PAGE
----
# Vorticity Matrix for Markov chain

I have a markov chain with $$Q(u,v)$$ as transition probability matrix and $$\pi(u)$$ as stationary distribution defined on state space $$\Omega$$. The dimension of matrix $$Q$$ is $$nxn$$ and vector $$\pi$$ is $$1xn$$.

I need to construct a vorticity matrix $$\Gamma (u,v)$$ of dimension $$nxn$$ which has below properties

1. $$\Gamma$$ is skew symmetric matrix i.e, $$\Gamma (u,v) = -\Gamma (v,u) \quad ,\forall \, u,v \in \Omega$$

2. Row sum of $$\Gamma$$ is zero for every row i.e, $$\sum_v \Gamma (u,v) = 0 \quad ,\forall \, u \in \Omega$$

3. Third property is, $$\Gamma(u,v) > -\pi (v)Q(v,u) \quad ,\forall \, u,v \in \Omega$$

My question is : How to construct vorticity matrix $$\Gamma (u,v)$$ which satisfies above three properties? I need to construct at least one such matrix.

Is there any systematic way to build such matrices

NOTE: Transition probability matrix $$P$$, and stationary distribution $$\pi$$ has below properties

Row sum of $$P$$ is one for each row, $$\sum_v P(u,v)=1 \quad ,\forall \, u \in \Omega$$ $$\pi$$ is probability distribution hence, $$\sum_v \pi(v) = 1$$ Stationary distribution condition for $$\pi$$, $$\sum_u \pi(u) P(u,v) = \pi(v) \quad ,\forall \, v \in \Omega$$

• Changing third property to $\Gamma \geq \epsilon + \dots$ for some small $\epsilon$, you can use LP for this. Aug 4, 2019 at 19:42

One can verify that the following matrix $$\Gamma$$ has the desired properties: $$\Gamma = [\pi]Q - Q^{\top}[\pi]$$, where $$[\pi]$$ is a diagonal matrix with diagonal elements being the stationary distribution. This construction relates closely to the reversibility of a Markov chain as far as I know.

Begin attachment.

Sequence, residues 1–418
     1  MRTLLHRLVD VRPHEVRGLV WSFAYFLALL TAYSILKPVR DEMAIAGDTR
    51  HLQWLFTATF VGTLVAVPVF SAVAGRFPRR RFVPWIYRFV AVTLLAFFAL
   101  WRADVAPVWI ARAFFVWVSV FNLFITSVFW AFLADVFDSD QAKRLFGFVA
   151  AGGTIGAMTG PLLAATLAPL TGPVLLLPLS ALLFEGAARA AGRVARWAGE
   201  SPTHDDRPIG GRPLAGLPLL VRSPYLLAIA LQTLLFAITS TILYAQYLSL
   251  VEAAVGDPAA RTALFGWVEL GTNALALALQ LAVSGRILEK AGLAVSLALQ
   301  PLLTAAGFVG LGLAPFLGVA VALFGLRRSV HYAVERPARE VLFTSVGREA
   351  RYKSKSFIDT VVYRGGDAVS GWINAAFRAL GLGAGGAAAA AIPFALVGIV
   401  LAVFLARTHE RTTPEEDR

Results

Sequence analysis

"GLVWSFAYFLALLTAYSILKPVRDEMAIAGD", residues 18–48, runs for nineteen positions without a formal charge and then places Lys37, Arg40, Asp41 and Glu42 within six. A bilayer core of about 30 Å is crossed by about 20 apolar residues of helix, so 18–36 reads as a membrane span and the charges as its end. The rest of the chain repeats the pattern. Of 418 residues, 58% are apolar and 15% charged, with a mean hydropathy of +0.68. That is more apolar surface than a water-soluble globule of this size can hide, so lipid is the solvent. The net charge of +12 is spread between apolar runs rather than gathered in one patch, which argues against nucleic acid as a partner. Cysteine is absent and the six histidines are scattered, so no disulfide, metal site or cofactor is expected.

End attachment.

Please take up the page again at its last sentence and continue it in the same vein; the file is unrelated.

• $\Gamma = [\pi]Q - Q^{\top}[\pi]$ , turns out to be zero matrix for simple random walk in which neighbour node is chosen uniformly $$Q = \left( \begin{matrix} 0 & \frac{1}{2} & 0 & \frac{1}{2} & 0 \\ \frac{1}{2} & 0 & 0 & 0 & \frac{1}{2} \\ 0 & 0 & 0 & 1 & 0 \\ \frac{1}{3} & 0 & \frac{1}{3} & 0 & \frac{1}{3} \\ 0 & \frac{1}{2} & 0 & \frac{1}{2} & 0 \end{matrix} \right)$$ $$\pi = \left( \begin{matrix} \frac{2}{10} & 0 & 0 & 0 & 0 \\ 0 & \frac{2}{10} & 0 & 0 & 0 \\ 0 & 0 & \frac{1}{10} & 0 & 0 \\ 0 & 0 & 0 & \frac{3}{10} & 0 \\ 0 & 0 & 0 & 0 & \frac{2}{10} \end{matrix} \right)$$ Jun 6, 2020 at 10:16
• That means your Q matrix represents a reversible Markov chain. In this case, $\Gamma$ is indeed zero. Actually, one checks whether a Markov chain is reversible by checking if $[\pi]Q=Q^\top[\pi]$. I am not aware of how to construct a non-zero $\Gamma$ matrix in this case. Jun 12, 2020 at 22:16